Note: HUGE thanks to Jarod for writing this article for How To Hockey. This article is a detailed account of how he got his speed up to NHL standards. If you want to say thanks you can tweet this article and mention him https://twitter.com/#!/palmfisher
I have always been a hockey player with average speed. As a professional athlete, I am always looking to improve my skill set, especially in finding my way “in” to the NHL. Last season, my coach sat me down and asked me what I thought was keeping me from playing in the NHL. After a few wrong guesses, he told me that my speed, or lack there of, was not at the NHL level. Despite the amount of training I had done the summer before my rookie year, I had to agree with my coach; I was not fast. There was only one answer…I must have been training wrong. I began my quest to successfully build speed in the following summer. I changed my training technique and became stronger, faster, and sturdier on my feet than ever before. Here is how I did it.
Changing Your Mind Set
In order to work your muscles “smarter” rather than “harder,” you must:
Switch the focus from your quadriceps to the “back of the leg” muscles. These muscles include your gluteals, hamstrings and calves.
Shift from two-leg training to single leg training. By doing this you are able to recruit more stabilizer muscles.
Train with little or no weight and focus more on speed than strength.
I’m happy to say that my new techniques paid off. The very next season, I was noticeably faster and did get my shot in the NHL with the very same coach that gave me the great advice.
Back of the Legs
Focus your mind on working the gluteals and hamstrings during all of your hockey exercises, especially sprinting and jumping.
One way to practice flexing the right muscles is by doing a wall set (sit in a chair-like squat with your back against the wall and hold). Most likely your quadriceps muscles will begin to burn. Without changing position, you can relieve the strain on the quads by tightening up your gluteals and hamstrings.
Think about sitting in that squat position with someone in front of you trying to pull your feet out from underneath you. You would automatically flex your hamstring and glute muscles in order to keep your feet beneath you. This is what you want to flex during the exercise.
Make sure your weight is not on your toes but rather on your heels. Try to lift your toes off the ground. You might feel your lower back begin to pull away from the wall. Counter this tendency by flexing your core and keep your back flat against the wall.
Your hamstrings and glutes should be tight during the entire motion of a squat. Try tapping your fingers against your hamstrings. This will help tell your brain to work those muscles.
When you are doing it right, your hamstrings will be hard. Believe me, this is as much of a mental work out as a physical one. It takes practice to get it right.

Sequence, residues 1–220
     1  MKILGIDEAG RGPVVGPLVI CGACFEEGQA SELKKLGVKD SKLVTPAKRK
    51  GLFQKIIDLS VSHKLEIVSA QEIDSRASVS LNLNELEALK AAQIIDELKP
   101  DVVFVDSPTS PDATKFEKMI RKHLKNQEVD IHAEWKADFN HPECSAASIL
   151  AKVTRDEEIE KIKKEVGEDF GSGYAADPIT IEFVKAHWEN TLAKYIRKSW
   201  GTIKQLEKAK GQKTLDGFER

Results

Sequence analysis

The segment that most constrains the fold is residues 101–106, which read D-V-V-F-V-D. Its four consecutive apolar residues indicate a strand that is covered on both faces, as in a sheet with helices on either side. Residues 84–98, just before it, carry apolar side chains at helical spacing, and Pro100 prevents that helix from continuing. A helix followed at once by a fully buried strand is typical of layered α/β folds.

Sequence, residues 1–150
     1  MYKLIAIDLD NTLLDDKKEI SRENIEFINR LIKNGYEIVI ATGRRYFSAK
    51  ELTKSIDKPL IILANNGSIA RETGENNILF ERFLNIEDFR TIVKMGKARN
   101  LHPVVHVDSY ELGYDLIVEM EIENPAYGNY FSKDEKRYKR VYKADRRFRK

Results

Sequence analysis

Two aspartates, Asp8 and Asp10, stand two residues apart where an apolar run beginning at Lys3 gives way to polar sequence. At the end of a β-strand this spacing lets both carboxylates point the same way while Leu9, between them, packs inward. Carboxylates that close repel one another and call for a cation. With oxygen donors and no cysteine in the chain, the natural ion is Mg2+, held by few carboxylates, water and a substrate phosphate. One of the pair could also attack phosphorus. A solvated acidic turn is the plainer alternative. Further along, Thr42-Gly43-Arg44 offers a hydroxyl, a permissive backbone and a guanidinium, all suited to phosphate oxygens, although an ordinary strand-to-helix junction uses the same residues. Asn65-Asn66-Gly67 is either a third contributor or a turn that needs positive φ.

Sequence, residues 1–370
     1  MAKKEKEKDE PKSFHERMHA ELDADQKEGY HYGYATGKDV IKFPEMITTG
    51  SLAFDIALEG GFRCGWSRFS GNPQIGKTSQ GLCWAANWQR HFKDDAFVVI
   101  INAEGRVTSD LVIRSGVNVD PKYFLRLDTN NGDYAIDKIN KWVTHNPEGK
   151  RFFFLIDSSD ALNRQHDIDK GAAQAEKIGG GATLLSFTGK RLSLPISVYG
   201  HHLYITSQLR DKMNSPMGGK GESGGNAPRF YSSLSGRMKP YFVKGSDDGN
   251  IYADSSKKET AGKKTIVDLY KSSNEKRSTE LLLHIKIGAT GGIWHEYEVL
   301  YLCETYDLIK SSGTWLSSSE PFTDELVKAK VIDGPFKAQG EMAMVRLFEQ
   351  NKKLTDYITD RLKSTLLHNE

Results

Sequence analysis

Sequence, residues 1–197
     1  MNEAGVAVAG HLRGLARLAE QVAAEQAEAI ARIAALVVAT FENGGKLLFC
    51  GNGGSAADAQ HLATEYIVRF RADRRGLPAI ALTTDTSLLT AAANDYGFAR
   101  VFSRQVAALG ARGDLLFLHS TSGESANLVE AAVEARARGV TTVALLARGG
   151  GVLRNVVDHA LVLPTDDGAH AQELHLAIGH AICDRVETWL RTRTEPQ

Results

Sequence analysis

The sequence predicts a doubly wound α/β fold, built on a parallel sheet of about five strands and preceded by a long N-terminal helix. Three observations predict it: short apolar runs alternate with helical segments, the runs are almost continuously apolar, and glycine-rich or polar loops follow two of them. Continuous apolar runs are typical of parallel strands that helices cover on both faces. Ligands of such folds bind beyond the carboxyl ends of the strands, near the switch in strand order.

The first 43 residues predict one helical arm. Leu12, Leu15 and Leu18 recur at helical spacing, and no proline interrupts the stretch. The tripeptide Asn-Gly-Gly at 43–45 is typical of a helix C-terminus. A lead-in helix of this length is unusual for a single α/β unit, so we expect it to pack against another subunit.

Wall Sit Video
Having troubles? Try standing tall. Now drop into a squat position as fast as you can and hold. Your body weight should drop faster than gravity can pull you down because your hamstrings flex to pull your body downward. Continue to flex the hamstrings and fire the glutes on your way up finishing with a slight forward hip thrust – thus forcing the glutes to flex as much as possible. Getting the right muscles to fire during the squat motion took me several workouts. Don’t get discouraged if it takes you some time. Unless you are an Olympic sprinter, you are quad dominant. You have to retrain your muscles to become “back of the leg dominant” and this takes practice.
Every time you take a stride you balance on one blade until your other foot recovers. Thus, single leg balance is key to becoming more stable on skates. Stand with one foot on the ground and do a four to five inch squat.
Your free leg should be bent with your foot slightly behind you. Remember the “back of leg” principals learned above.
Your body weight should be over your heel. To maintain balance, tighten up your core, keep your chest and head up with your arms loose.
Try to breath in on your way down and out on your way up. Now try to do the same squat with no shoes on.
Progress in difficulty by squatting deeper each time.
Don’t worry about going fast. Focus on controlling your balance with core body strength. Use your arms as little as possible.
Want More? Try kneeling on an exercise ball. The pros can stand on the ball and do squats.
Speed and Quickness
When attempting to develop strength, movements should be slow and controlled. When trying to develop speed, all movements should be done with speed and grace. Do every exercise as fast as you can while maintaining control. When you do a squat, try to go down quickly. When you reach 90 degrees (more or less) change direction as fast as you can. Doing squats in this motion works both deceleration and acceleration strength. The muscle fibers work one way to stop your body from moving and another way to get it moving again. You need power through both movements in order to be able to change direction quickly on the ice. When doing jumps or lunges focus on landing soft, using your hamstrings to pull your body down quickly with your hamstrings and exploding upward with your glutes. Again, this is very challenging and takes time to get right.
Changing the way I worked my muscles was not easy. My body wanted to revert back to over using the quadriceps. My workouts were as challenging mentally as they were physically. What kept me going were the results. My hamstrings and glutes grew in size and strength. I began to spring off the ground rather than push. I felt lighter and more stable on the ice, which is exactly what I wanted. Without a doubt, training this way improved my speed and stability on the ice.
I hope this information helps you as much as it helped me. Good luck!